Bonus: you can plug it in anywhere, so you can keep cooking smells entirely out of the house if you want.
A pressure cooker, a slow cooker, a rice cooker, all in one. This is the model I used for many years, but there are fancy ones now which might be worth looking into—it seems like they can do programmable temperature for sous vide among other things.
Update: I now have the Pro (which at least at the time was very comparable in price)
Things I love about the Pro:
- It has a flat bottom so you can brown things directly on an electric or induction(?) stovetop
- It has handles for lifting the liner out — the handles also stop it from spinning while you stir
- Most importantly for me: it allows me to set specifics for both the amount of time to cook under pressure as well as the amount of time to naturally release and whether or not to “keep warm” afterwards and it remembers my last settings, so it’s made my rice routine a breeze even without taking advantage of the presets…
The Instant Pot has a cult following, but honestly, I've gotten a ton of value just from being able to make rice quickly & easily as well as making really wonderful bone broths.
For jasmine rice I do roughly one-to-one after rinsing the rice until the water is no longer cloudy, add salt and butter, and cook on high pressure for 3 minutes, natural release for 10, fluff it and it’s ready to go.
(you can also adjust rice by adding orange zest and juice or bullion, or even bone broth to come full circle)
I also now have a clear glass lid which has been great for remembering that there’s leftover rice (we eat it so quickly that I don’t bother storing it in the fridge).
I may have mentioned it elsewhere, but Trader Joes has organic meats that are incredibly reasonably priced. Chicken legs can be roasted in the oven (I recommend using the broiler pan) eaten with rice, and then you can get the bones going (ideally you'd be able to also add fresh bones from the butcher). I use a cleaver to make sure I'm getting the good stuff from inside the bones.
(Just FYI, my favorite store-bought bone broth is refrigerated from Roli Roti — it has enough gelatin that it’s like jello in the fridge and it doesn’t have any onions or garlic, for those who are sensitive. Imagine also has a couple bone broths that are shelf-stable (no refrigeration needed) and there are a few specific jars of Better Than Bouillon that are garlic and onion-free.)
I'm a huge fan of Samin Nosrat, who inspired my page
Chicken Stock Recipe
This recipe for an intense, lovely chicken stock is full of deep flavors and provides a perfect base for soup Feel free to use leftover bones from roast chicken, but at least half of the bones should be raw Ask your butcher for feet, heads and wings, which are all high in gelatin and will lend body to the stock
This recipe for an intense, lovely chicken stock is full of deep flavors and provides a perfect base for soup. Feel free to use leftover bones from roast chicken, but at least half of the bones should be raw. Ask your butcher for feet, heads and wings, which are all high in gelatin and will lend body to the stock. Once cooled, freeze the stock.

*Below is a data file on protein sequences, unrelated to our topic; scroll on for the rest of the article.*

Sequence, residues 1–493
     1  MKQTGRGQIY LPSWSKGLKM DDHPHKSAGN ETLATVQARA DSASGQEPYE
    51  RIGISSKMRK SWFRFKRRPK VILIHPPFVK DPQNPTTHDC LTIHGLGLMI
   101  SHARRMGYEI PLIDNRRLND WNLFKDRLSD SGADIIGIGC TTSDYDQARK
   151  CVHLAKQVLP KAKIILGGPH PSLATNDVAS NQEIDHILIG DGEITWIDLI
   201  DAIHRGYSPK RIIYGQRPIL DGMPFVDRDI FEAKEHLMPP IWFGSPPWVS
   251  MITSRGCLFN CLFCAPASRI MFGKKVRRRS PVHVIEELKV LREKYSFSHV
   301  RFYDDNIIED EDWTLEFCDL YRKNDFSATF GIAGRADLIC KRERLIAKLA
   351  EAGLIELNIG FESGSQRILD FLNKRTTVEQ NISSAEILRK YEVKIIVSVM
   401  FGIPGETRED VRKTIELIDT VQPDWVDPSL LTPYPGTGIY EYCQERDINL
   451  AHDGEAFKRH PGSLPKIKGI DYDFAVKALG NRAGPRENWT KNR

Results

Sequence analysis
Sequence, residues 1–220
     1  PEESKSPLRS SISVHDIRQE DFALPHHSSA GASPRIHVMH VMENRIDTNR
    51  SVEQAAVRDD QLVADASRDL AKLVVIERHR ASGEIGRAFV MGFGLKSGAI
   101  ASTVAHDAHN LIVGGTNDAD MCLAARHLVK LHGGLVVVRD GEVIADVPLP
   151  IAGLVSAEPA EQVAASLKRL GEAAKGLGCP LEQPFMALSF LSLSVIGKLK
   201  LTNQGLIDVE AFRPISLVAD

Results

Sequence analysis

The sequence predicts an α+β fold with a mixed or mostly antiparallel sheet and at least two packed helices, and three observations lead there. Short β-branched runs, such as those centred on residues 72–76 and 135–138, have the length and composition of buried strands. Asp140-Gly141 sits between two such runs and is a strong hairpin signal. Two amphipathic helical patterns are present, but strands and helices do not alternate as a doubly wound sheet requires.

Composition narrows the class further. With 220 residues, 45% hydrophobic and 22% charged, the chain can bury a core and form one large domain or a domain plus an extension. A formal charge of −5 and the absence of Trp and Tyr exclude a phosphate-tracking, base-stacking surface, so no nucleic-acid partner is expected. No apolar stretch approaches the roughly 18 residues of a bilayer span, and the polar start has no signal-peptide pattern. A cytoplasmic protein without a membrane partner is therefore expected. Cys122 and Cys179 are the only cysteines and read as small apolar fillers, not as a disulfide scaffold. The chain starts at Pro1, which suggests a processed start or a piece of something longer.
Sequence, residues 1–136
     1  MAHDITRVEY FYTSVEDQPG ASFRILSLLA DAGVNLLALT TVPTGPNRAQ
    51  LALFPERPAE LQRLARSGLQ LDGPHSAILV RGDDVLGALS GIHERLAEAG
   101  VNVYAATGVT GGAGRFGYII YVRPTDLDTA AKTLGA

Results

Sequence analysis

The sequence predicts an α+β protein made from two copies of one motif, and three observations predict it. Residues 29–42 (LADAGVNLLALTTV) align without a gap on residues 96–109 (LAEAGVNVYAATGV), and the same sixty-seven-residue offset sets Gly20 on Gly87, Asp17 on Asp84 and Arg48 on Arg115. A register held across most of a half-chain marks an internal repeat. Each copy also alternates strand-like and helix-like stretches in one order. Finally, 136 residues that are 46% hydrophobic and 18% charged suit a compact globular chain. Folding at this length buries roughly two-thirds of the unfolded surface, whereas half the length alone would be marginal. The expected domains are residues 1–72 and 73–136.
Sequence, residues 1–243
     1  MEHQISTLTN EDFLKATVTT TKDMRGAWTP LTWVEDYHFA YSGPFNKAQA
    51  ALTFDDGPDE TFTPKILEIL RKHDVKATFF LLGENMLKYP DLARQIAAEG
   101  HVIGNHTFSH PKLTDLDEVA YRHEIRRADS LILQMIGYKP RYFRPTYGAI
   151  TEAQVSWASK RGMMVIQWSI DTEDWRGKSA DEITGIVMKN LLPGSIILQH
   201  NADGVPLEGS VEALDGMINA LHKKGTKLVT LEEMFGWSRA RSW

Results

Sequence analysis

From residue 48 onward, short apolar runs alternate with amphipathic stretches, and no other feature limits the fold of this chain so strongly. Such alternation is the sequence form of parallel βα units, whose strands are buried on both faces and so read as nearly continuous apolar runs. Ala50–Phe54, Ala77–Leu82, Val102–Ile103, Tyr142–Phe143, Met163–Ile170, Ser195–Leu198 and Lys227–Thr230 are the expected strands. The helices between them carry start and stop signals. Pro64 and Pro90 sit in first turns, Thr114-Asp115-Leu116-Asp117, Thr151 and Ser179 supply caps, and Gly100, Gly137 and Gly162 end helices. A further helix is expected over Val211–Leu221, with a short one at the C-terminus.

Ice cube trays are good, but
Put the bones and water in a large stockpot. Bring to a boil over high heat.
Skim off any foam that rises to the surface.
Add the remaining ingredients and bring the stock to a boil again, then turn down to a simmer. (Vinegar helps draw out nutrients and minerals from the bones into the stock.)
Simmer the stock for 6 to 8 hours, covered, keeping an eye on it to make sure it stays at a simmer. Strain the stock through a fine-meshed sieve. Let cool.
Scrape the fat that rises to the top. (Save it in the fridge or freezer for matzoh ball soup.) Refrigerate for up to 5 days, or freeze for up to 3 months.
My household has been sick this year so I’ve been cranking out bone broth.
The recipe I’ve been using is modified from America’s test kitchen’s
Another thing I’ve learned
I use a fair amount of the skimmed fat as the liquid for the chicken that I sous vide for making chicken noodle soup (season a pound or two of chicken with salt and pepper, add 1/4 cup chicken fat to a gallon ziplock, sous vide at 150F for 1-3hrs and then shred). We have a gluten sensitivity, so I’ve been using these delicious rice noodles (they carry them packed individually with a miso mix at Thrive as well). If you don’t use the fat, freeze it. If you don’t have it, sub in olive oil.
My blood pressure is low, so I’ve been making sure I get enough salt — broth is a great example of a food that is way better when it’s plenty salty. When I’m serving broth without further flavors or excitement (for drinking or for chicken noodle soup), I first add better than bouillon and then consider adding salt. When I’m worried about sodium intake, I use lo-salt. When I’m worried about low blood pressure, I use grey celtic sea salt.
*(Instant Pot Pro trick: if you go down below 0 minutes, it will send you to 8hrs as the max rather than needing to slowly tick up from 3 minutes (which is the default mine is set to because I make rice in it all the time).
(I don’t know how I feel about it yet, but I have started to explore Chinese dietary energetics and Andrew seems like a reasonable person to listen to on topics like this)